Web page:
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How Apple could make 16GB devices feel a lot roomier

Michael Simon | March 24, 2016
iOS could use the limited space a little more intelligently.

Every time Apple releases a new iPhone, a few things are guaranteed: It will be the best version of it they ever made. Its processing and graphics power will make the model it replaces look like garbage. And the base model will come with way too little storage.

Much to the chagrin of would-be buyers, Apple refuses to let go of the lowly storage option it introduced with the iPhone 4. Even the iPhone 6s Plus, which costs $100 more than the smaller iPhone 6s, still offers a paltry 16GB of storage, all but forcing anyone choosing the productivity-minded phablet to spend yet another $100 on the much more palatable 64GB model.

With such a wide gap between the bottom and middle tiers of iPhone, Apple clearly has an up-sell strategy, but the fact of the matter is, as long as a 16GB iPhone is available, people are going to buy it. Whether its due to preference, naïveté or plain old penny-pinching, there are a lot of 16GB iPhones out there, and with a brand-new iPhone SE set to hit shelves next week, there’s no reason to doubt that the iPhone 7, 7s, and 8 will continue the trend.

But if Apple plans on continuing to offer a 16GB iPhone, it doesn’t have to be the runt of the litter. With a few tweaks and additions to iOS, Apple could keep churning out low-end models at attractive prices without inflicting a crippled handset on its trusting buyers. And quite frankly, some storage smarts wouldn’t hurt the upper models either.


When the new Apple TV landed last year, it brought back the hard drive that had been missing from previous generations. Just two sizes are offered, and the upper model tops out at just 64GB, a paltry amount compared to the 500GB Xbox and PlayStation consoles.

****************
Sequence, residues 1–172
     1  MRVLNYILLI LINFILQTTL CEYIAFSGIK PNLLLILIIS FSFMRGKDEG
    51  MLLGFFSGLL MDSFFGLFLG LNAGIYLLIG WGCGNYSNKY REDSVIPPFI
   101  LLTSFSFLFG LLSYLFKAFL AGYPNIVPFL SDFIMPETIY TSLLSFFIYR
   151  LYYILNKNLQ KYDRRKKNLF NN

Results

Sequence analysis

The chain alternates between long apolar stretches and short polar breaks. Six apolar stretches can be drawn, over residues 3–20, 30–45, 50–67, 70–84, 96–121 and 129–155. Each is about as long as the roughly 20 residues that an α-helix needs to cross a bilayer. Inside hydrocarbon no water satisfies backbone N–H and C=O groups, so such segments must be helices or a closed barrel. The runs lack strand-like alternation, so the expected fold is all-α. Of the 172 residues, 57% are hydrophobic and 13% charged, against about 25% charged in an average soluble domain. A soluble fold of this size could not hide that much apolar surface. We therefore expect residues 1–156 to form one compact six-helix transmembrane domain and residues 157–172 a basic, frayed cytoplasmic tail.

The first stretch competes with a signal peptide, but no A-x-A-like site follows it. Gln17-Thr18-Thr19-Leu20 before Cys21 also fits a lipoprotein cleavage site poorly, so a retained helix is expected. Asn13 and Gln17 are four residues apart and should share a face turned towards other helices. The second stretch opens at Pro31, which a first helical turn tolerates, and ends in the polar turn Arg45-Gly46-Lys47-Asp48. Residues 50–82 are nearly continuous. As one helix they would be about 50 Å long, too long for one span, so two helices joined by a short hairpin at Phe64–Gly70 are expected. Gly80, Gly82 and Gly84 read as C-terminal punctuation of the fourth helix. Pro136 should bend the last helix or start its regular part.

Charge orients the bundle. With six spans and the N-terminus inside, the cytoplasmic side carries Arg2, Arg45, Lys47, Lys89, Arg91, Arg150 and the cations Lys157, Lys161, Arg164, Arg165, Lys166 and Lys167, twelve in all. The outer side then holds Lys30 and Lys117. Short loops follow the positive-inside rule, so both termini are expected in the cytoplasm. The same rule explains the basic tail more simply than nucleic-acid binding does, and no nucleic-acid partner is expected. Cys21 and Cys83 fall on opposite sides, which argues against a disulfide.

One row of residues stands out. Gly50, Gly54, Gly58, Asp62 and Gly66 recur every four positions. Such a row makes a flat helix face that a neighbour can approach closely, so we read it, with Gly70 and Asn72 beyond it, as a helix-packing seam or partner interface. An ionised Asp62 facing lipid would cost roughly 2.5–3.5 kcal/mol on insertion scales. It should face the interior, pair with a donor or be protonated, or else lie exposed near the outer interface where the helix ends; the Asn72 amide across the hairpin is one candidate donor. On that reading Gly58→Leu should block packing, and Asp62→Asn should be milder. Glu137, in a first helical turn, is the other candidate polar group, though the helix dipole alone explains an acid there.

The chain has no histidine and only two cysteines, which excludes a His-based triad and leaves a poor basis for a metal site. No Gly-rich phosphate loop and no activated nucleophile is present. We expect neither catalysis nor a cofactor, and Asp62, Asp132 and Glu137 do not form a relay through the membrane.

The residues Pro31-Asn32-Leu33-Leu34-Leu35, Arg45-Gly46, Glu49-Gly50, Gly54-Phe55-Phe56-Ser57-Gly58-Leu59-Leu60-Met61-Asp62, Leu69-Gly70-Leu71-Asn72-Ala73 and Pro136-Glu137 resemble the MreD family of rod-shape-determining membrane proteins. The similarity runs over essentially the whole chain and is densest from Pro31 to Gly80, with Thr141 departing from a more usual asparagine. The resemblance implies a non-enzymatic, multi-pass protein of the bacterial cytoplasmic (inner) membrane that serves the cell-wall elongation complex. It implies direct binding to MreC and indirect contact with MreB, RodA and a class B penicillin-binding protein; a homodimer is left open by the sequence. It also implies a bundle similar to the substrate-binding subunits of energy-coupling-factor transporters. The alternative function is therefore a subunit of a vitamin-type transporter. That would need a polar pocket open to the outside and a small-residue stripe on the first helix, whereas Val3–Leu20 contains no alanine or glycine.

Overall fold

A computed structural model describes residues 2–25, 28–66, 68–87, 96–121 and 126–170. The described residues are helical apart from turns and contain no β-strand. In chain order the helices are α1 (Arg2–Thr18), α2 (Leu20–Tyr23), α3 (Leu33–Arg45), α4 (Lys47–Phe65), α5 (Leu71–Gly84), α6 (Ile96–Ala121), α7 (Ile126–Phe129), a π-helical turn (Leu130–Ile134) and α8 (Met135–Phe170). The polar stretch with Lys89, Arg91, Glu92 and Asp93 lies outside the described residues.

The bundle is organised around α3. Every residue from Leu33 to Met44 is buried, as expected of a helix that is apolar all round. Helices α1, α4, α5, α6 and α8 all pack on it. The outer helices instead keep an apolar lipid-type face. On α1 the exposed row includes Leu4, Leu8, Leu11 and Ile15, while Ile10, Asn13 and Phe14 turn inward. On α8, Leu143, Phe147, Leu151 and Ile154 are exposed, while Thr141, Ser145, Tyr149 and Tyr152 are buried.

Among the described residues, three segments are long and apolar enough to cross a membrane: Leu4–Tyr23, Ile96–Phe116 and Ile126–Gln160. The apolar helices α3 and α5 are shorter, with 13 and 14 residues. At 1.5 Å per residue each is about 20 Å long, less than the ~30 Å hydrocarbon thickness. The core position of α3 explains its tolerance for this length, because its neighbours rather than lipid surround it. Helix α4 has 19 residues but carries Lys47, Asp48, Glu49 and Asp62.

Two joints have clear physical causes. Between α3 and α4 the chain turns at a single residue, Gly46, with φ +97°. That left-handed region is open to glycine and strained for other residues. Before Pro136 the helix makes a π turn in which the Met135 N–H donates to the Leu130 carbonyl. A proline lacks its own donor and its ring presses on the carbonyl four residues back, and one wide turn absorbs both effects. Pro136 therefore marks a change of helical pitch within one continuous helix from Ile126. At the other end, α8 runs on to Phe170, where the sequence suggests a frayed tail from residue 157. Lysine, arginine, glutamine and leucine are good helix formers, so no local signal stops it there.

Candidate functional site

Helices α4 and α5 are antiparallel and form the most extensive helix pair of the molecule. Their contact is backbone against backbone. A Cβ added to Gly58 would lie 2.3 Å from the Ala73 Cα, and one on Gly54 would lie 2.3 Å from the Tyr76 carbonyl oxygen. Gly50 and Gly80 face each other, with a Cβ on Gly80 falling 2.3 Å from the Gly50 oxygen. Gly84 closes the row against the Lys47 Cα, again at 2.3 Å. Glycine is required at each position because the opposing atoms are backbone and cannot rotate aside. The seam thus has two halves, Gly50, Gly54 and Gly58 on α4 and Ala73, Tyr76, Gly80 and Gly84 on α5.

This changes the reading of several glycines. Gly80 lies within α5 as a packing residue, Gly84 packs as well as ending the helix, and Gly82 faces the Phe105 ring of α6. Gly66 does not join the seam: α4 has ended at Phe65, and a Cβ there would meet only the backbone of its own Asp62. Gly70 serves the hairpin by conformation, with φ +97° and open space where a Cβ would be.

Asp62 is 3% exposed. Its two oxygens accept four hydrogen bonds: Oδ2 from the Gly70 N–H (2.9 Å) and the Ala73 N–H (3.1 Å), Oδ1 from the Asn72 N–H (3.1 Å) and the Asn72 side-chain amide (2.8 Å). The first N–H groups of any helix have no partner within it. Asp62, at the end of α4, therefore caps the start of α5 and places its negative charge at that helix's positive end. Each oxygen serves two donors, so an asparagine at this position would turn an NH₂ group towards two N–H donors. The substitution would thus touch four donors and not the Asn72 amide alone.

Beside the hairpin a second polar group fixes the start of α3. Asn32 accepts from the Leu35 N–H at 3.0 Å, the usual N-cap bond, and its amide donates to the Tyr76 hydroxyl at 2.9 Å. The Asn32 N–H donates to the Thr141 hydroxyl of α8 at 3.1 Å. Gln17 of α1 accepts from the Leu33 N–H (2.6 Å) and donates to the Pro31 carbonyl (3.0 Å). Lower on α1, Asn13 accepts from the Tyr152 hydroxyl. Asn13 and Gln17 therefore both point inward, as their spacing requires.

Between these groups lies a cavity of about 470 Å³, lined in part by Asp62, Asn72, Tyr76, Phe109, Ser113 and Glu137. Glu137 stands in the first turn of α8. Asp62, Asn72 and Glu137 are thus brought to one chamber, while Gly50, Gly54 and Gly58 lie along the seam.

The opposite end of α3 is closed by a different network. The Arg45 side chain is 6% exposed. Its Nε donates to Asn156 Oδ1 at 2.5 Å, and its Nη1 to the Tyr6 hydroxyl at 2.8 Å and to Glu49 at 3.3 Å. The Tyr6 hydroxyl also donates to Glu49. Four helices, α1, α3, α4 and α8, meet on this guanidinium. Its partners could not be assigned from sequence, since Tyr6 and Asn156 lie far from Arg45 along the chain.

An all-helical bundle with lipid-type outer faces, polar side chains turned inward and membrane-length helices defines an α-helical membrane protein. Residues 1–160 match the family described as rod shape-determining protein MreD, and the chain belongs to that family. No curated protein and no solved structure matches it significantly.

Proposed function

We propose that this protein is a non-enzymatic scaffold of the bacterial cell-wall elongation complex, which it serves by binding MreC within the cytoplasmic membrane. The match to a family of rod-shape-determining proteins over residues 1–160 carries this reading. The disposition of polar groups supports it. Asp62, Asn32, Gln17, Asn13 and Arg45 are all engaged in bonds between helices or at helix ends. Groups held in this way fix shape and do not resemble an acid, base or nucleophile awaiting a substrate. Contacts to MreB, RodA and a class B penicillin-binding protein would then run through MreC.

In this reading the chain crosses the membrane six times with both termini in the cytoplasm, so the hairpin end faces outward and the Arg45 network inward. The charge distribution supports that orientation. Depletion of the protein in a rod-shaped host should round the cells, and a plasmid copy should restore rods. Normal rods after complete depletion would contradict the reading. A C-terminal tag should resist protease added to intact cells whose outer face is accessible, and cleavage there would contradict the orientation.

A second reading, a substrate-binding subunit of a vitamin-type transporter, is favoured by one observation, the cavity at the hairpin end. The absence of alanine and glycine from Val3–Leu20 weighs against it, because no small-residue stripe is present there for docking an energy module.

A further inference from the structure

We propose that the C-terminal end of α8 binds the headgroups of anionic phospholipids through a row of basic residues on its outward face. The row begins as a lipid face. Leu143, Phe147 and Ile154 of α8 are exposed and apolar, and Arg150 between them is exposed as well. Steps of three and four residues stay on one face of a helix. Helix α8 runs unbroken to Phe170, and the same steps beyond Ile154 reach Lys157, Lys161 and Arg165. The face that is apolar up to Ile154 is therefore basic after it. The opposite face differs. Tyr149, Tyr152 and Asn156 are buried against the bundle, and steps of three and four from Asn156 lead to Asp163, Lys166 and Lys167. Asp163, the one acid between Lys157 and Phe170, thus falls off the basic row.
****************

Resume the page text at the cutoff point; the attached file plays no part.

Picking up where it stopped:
But that isn’t Apple being stingy. Thanks to a technology called app thinning and slicing, even the most intense tvOS games are limited to how much space they can use on your Apple TV’s hard drive. To get around the initial download cap, apps and games can access resources stored in the cloud, which are only downloaded when needed and purged after use. The effect on gameplay and performance is negligible, and it ensures you won’t be stuck staring at a spinning wheel while the movie you want to watch struggles to find usable cache space.

Apple’s app thinning tech actually began as an iOS 9 feature, but the implementation hasn’t been as strict on mobile devices. Five apps on my iPhone clock in at more than 1GB apiece; together they’d eat up nearly half of the available space on a 16GB phone. By implementing a hard limit on download size and utilizing on-demand resources in the same way Apple TV does, Apple could open up the low-capacity iPhone to a far greater array of apps and instantly cut down on the “storage almost full” messages, although those apps would become hard to use off the grid.


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